I led a team to craft meaningful Library help services through effective process auditing and org-wide transparency.
In 2019, I embarked on the most ambitious journey of my early design career - starting my own design consultancy. Our core group was nested under an academic flag, but we moved independently and were able to define ourselves as a non-profit design organization.
One of the first clients we secured was UC San Diego's Geisel Library - one of the nation's top 25 academic universities as they employed knowledge to research, education, patient care, & public service missions. The scope was loosely defined - at its core we realized we had opportunities to bring in more hands that were hungry to work in user research and UX design.
The result of our organization was a 7-month effort in auditing both the digital and physical spaces of the Library and providing recommendations on improving the service experience when library patrons need help accessing Library resources.
Early on in our discovery phase I had proposed for our team to perform a redesign of specific help modules across the website. It was a quickly shot-down idea - our client contact let us know that there hasn't been any design support to the Library website except herself. She gave some great advice that stuck with me for the duration of the project - "the solution you bring doesn't have to look amazing, it just needs to work for our patrons."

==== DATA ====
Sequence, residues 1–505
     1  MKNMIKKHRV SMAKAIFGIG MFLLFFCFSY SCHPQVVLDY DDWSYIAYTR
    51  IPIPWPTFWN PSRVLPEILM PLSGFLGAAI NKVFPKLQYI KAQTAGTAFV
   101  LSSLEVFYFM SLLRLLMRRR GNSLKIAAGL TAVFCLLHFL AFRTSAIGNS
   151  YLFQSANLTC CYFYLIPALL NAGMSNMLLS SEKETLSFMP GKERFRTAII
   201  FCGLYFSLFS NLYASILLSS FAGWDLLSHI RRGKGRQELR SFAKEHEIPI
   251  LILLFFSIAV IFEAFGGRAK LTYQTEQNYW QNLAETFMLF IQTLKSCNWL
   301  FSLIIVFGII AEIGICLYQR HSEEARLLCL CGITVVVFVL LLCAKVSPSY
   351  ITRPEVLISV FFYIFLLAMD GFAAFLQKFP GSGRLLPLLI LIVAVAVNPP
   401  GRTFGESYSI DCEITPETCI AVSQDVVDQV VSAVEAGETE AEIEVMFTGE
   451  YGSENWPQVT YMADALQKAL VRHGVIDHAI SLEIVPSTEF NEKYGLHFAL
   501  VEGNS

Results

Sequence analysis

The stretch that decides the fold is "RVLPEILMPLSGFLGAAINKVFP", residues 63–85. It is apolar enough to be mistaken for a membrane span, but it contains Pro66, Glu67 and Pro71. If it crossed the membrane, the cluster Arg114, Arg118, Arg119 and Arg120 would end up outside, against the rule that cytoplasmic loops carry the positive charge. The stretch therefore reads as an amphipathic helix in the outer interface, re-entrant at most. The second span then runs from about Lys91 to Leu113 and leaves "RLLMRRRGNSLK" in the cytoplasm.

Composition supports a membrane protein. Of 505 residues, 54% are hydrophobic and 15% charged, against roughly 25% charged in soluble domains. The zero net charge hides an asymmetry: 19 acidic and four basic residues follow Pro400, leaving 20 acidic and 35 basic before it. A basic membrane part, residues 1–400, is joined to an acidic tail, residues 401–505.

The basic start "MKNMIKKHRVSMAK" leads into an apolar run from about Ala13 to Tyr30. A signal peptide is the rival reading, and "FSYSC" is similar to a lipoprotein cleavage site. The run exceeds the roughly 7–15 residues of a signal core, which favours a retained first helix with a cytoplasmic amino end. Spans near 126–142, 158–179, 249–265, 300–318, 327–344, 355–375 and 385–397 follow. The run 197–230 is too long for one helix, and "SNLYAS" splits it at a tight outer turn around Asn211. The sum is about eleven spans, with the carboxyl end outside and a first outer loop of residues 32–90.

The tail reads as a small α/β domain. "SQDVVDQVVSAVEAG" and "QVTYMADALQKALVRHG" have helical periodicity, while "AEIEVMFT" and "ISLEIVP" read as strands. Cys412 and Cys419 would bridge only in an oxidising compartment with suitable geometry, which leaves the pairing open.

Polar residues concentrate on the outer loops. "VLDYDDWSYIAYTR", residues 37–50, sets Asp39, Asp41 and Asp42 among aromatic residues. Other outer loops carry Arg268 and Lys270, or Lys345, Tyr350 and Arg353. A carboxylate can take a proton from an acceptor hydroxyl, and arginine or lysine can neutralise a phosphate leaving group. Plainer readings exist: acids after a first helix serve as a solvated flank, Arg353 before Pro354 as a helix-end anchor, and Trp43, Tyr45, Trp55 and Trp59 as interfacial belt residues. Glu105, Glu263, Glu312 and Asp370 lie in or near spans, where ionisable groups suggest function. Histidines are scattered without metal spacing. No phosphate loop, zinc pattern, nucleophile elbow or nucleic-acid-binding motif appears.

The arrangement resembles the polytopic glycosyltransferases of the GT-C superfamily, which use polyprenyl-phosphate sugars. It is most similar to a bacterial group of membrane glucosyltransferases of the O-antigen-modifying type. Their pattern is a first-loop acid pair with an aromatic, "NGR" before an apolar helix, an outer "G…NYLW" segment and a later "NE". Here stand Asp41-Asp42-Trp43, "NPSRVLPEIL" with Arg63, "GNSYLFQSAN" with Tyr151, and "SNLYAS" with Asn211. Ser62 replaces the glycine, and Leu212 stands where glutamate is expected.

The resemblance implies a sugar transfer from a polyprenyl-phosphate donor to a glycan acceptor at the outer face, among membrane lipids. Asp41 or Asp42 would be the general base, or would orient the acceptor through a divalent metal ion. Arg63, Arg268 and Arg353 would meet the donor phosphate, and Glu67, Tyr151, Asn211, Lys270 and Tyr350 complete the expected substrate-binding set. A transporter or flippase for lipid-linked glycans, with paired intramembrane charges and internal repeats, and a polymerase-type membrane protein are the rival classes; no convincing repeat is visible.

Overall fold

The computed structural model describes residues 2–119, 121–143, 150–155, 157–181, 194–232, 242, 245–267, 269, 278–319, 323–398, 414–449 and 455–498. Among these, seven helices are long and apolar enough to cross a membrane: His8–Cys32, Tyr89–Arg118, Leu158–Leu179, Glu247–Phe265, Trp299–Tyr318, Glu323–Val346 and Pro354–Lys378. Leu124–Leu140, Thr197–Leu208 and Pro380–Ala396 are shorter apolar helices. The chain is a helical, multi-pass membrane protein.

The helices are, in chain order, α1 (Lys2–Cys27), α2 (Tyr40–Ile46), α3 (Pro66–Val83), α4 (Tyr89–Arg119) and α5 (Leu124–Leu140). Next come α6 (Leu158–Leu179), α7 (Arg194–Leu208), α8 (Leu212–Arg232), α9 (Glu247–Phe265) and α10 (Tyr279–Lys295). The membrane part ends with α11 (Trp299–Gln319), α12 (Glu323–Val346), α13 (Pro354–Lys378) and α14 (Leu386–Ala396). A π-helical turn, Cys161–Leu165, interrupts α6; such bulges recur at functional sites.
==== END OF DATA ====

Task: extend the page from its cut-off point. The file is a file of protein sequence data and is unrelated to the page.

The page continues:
Taking this apart, I preached Jakob's Law and the idea of consistency with creating a net-new recommendation. We were solving a need, not trying to make a drastic change - otherwise users could be potentially confused by this unfamiliar improvement. This was a quite difficult feat however, as the Library did not have an existing design system for their website, we took it upon ourselves to forge one from scratch.
I'm happy to chat more about my work at Basic.Space. Send me a ping at firstname.lastname@example.org if you'd like to learn more!